Between dog bites and radiation poisoning, veterinarian clinics pose far more dangers to their staff members than the average person may realize. In truth, employees of veterinary clinics and practices must be very cautious to avoid the worst possible outcomes of their work.
In this article, we will explore the three best safety practices for veterinarians. Hopefully, by diving into this subject, we can help clinics remain safe, secure, and free from disorder or unexpected accidents. All veterinarians should read these suggestions carefully and take the advice to heart. The information here could protect you and your staff.
As a veterinarian, you have a responsibility to your employees to develop a workplace-specific safety guide. Federal and State occupational laws should dictate the spirit and goals of these guidelines. They may include information related to appropriate waste management techniques, work habits that fight infection, and other workplace hazards.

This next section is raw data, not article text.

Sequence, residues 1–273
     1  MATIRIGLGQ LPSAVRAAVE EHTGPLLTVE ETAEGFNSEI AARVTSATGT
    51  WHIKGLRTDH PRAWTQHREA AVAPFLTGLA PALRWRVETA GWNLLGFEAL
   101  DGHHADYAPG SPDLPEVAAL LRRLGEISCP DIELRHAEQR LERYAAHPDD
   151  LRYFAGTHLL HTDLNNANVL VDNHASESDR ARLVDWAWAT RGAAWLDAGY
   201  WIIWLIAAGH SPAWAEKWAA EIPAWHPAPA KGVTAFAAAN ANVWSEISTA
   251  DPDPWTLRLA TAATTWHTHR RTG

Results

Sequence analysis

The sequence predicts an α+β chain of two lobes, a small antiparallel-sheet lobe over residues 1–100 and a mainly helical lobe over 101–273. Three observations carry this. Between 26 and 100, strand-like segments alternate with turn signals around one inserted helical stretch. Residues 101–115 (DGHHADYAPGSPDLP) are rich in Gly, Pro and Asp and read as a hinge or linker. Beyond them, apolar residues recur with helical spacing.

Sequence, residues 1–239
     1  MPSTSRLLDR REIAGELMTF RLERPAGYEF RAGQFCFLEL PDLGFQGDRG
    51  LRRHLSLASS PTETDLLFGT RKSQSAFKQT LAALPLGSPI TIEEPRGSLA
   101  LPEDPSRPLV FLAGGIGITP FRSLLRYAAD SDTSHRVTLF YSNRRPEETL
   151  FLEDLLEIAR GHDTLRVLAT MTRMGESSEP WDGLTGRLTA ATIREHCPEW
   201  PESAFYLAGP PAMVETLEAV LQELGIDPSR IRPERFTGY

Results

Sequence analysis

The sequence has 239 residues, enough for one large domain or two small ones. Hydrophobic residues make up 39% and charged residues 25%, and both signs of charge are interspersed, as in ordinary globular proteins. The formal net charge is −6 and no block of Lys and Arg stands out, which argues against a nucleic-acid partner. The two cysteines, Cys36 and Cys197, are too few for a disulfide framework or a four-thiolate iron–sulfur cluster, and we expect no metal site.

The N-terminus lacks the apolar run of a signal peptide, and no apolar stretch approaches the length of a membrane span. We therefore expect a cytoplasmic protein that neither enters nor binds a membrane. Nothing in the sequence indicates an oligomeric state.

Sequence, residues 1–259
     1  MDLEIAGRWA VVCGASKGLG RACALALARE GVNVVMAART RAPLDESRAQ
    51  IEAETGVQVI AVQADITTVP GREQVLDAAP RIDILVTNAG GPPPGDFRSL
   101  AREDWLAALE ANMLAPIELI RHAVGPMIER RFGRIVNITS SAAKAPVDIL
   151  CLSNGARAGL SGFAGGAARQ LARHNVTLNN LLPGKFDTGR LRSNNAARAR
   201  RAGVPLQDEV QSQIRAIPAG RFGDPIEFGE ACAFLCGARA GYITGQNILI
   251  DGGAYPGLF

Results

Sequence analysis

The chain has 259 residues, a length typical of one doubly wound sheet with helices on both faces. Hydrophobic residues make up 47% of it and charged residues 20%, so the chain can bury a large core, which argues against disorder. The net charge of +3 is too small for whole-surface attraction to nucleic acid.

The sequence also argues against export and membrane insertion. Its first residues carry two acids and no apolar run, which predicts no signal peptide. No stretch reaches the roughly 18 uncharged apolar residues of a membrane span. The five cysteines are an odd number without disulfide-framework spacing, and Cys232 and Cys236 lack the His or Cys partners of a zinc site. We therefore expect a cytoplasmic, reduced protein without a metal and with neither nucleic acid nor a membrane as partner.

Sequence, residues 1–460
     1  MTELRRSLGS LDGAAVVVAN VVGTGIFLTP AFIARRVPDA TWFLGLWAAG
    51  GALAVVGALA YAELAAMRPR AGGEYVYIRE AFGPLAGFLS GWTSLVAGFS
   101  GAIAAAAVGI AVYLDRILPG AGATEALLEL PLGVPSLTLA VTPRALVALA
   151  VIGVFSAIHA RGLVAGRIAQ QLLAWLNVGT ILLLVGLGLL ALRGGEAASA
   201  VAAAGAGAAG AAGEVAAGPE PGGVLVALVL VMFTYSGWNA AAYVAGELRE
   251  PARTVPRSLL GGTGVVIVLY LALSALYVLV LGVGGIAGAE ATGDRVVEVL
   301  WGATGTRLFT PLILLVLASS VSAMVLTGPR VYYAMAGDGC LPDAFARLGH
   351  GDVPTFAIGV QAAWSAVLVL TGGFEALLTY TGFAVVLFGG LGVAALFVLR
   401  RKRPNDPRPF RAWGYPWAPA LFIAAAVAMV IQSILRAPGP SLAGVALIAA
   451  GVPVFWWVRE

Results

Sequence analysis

You must frequently update materials to reflect new laws and policies. You should also invest in medical surveillance systems so you can report workplace-related injuries and illnesses. Documenting this information, along with your staff’s training and immunizations, will prepare your clinic for success and safety.
Of the three best safety practices for veterinarians, perhaps the most important is to routinely train the staff. A staff that is well-equipped is trained in all manner of worker well-being issues, including:
- Risks for immunocompromised or pregnant workers
- Safe handling, care, and restraint of animals
- Prompt reporting of illnesses and injuries
- Evacuation and emergency procedures
As a leader, it may be a good idea to delegate the training responsibilities to other members of your team. You can assign someone the responsibility to update materials and train the other staff members on proper protocols.
Personal Protection Equipment and X-Ray Shielding
Everyone who works in your clinic should be aware of the proper personal protection equipment for their position—it’s a simple and effective way to maintain the safety of your employees. Employees handling pets should wear masks and gloves at all times. Furthermore, when a staff member conducts an X-ray, they should wear shielding to lower the radiation exposure.